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Nutritional programmes improve outcomes in infants with congenital heart disease

03 Jan 2021

In neonates with congenital heart disease, a multi-interventional nutrition programme improves weight gain, discharge outcomes, and enteral feeding without amplifying the risk of necrotizing enterocolitis (NEC), a recent study reports.

Researchers conducted a single-centre cohort analysis of 570 newborns with congenital heart disease who underwent cardiac surgery. The interventions were delivered in two phases. The first involved a feeding algorithm that optimized initiation and progression of parenteral and enteral nutrition, depending on infant postoperative characteristics.

The second phase involved another algorithm that determined the best use of donor breast milk (DBM) in high-risk infants, and included an assessment plan for oromotor skills.

“The programme’s feeding algorithms,” the researchers explained, “were designed to advance feedings differently in patients deemed high-risk versus low-to-average-risk based on their postoperative cardiac physiology.”

The nutrition programme led to fewer gastrostomy tubes (G-tube) at hospital discharge, down to 12 percent after phase 1, from 25 percent at phase 0. Gains were maintained until phase 2, when 14 percent still had G-tubes attached.

Phase 2 of the intervention likewise increased the number of infants who were able to receive enteral nutrition prior to their cardiac surgery, without exacerbating the risk of NEC. The DBM component of phase 2 also led to a higher percentage of patients receiving DBM or expressed breast milk in both preoperative and postoperative periods.

Important study limitations included its retrospective design, which precluded the ability to draw causal links between factors, as well as potentially unmeasured confounders, the researchers said.

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Most Read Articles
01 Dec 2020
Tetanus toxoid 5 Lf, diphtheria toxoid 2 Lf, pertussis toxoid 2.5 mcg, filamentous haemagglutinin 5 mcg, fimbriae types 2 and 3 5 mcg, pertactin 3 mcg
Dr. Hsu Li Yang, Dr. Tan Thuan Tong, Dr. Andrea Kwa, 08 Jan 2021
Antimicrobial resistance has become increasingly dire as the rapid emergence of drug resistance, especially gram-negative pathogens, has outpaced the development of new antibiotics. At a recent virtual symposium, Dr Hsu Li Yang, Vice Dean (Global Health) and Programme Leader (Infectious Diseases), NUS Saw Swee Hock School of Public Health, presented epidemiological data on multidrug-resistant (MDR) gram-negative bacteria (GNB) in Asia, while Dr Tan Thuan Tong, Head and Senior Consultant, Department of Infectious Diseases, Singapore General Hospital (SGH), focused on the role of ceftazidime-avibactam in MDR GNB infections. Dr Andrea Kwa, Assistant Director of Research, Department of Pharmacy, SGH, joined the panel in an interactive fireside chat, to discuss challenges, practical considerations, and solutions in MDR gram-negative infections. This Pfizer-sponsored symposium was chaired by Dr Ng Shin Yi, Head and Senior Consultant of Surgical Intensive Care, SGH.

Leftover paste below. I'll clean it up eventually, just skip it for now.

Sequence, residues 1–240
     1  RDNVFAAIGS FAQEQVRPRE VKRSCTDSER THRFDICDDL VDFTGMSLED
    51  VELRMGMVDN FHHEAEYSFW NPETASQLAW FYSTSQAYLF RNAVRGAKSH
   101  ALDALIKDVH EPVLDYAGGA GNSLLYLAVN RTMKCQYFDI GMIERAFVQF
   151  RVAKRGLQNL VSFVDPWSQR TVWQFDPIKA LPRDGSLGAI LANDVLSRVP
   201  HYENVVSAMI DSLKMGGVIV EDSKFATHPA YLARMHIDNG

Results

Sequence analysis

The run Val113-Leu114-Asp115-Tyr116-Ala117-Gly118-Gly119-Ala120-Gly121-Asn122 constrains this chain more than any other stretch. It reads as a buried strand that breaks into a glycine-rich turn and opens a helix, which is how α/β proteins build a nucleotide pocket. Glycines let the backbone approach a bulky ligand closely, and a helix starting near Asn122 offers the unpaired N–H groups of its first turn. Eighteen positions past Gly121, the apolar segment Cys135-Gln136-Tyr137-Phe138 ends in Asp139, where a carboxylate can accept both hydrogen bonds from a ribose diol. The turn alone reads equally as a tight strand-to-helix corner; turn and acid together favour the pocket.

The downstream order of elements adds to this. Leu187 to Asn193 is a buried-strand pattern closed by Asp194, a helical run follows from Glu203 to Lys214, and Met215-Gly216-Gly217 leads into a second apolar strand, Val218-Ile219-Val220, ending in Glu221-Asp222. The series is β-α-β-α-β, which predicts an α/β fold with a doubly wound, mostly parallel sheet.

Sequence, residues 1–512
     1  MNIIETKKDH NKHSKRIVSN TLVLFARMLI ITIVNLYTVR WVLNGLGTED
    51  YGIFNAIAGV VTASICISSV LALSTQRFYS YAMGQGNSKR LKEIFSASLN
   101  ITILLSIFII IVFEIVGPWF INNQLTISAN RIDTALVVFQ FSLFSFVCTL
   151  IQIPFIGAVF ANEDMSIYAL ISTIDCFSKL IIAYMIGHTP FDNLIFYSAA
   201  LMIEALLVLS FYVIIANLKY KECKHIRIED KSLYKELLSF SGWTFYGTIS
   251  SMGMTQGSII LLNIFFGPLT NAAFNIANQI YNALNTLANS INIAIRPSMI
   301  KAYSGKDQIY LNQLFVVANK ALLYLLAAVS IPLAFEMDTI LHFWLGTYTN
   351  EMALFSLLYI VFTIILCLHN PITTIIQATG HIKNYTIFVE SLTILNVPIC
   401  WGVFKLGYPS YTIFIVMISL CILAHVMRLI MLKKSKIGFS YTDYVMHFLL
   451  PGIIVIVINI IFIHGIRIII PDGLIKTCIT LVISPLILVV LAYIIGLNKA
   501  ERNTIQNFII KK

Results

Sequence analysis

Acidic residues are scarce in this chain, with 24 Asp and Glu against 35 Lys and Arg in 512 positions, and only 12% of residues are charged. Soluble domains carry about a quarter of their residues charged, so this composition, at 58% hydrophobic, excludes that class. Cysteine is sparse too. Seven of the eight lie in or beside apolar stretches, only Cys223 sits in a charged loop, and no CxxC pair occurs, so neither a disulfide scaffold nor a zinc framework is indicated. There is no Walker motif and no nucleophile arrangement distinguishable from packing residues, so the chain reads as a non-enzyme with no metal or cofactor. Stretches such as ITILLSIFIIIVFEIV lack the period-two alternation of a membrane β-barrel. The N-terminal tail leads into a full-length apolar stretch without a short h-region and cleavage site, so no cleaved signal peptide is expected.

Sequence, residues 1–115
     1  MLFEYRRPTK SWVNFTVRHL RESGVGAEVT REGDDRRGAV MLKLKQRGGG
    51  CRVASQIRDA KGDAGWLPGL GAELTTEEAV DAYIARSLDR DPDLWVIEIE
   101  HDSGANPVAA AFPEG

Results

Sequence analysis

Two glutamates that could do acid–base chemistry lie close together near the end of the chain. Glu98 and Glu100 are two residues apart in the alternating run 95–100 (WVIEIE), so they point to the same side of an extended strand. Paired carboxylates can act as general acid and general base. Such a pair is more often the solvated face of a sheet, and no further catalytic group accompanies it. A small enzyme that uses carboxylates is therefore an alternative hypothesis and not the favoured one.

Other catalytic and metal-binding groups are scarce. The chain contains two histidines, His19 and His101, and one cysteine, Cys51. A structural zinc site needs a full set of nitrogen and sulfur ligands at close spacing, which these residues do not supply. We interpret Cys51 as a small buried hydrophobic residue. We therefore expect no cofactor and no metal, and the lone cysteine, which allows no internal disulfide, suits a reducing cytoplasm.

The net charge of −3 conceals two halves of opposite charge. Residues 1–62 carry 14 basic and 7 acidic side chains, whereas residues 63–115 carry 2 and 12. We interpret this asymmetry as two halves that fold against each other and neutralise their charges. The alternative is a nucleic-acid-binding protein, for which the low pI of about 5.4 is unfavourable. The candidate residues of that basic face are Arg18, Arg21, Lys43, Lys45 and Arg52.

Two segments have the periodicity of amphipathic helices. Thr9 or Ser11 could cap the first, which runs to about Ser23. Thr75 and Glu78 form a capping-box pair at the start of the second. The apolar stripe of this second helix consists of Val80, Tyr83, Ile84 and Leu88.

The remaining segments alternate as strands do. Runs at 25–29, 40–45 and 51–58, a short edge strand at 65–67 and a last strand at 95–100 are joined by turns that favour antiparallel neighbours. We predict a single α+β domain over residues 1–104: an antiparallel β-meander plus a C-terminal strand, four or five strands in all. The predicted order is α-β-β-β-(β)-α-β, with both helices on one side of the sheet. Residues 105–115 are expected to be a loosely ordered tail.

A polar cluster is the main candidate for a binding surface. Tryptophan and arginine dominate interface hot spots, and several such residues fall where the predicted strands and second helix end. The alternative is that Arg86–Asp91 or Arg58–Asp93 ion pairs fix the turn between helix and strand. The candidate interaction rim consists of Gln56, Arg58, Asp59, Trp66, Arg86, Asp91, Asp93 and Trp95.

Tristan Manalac, Yesterday
While antibody titres against SARS-CoV-2 wane with time, the immune system is capable of producing memory B-cells that can last for at least 6 months after infection, suggesting that the body will be able to protect itself in the case of re-exposure, according to a new study.
Jairia Dela Cruz, 5 days ago
Spending too much time sitting cannot be good for the body, and rising to one's feet breaks up such a behaviour and yields small, but meaningful, reductions in certain cardiovascular disease (CVD) risk factors, according to the results of a meta-analysis.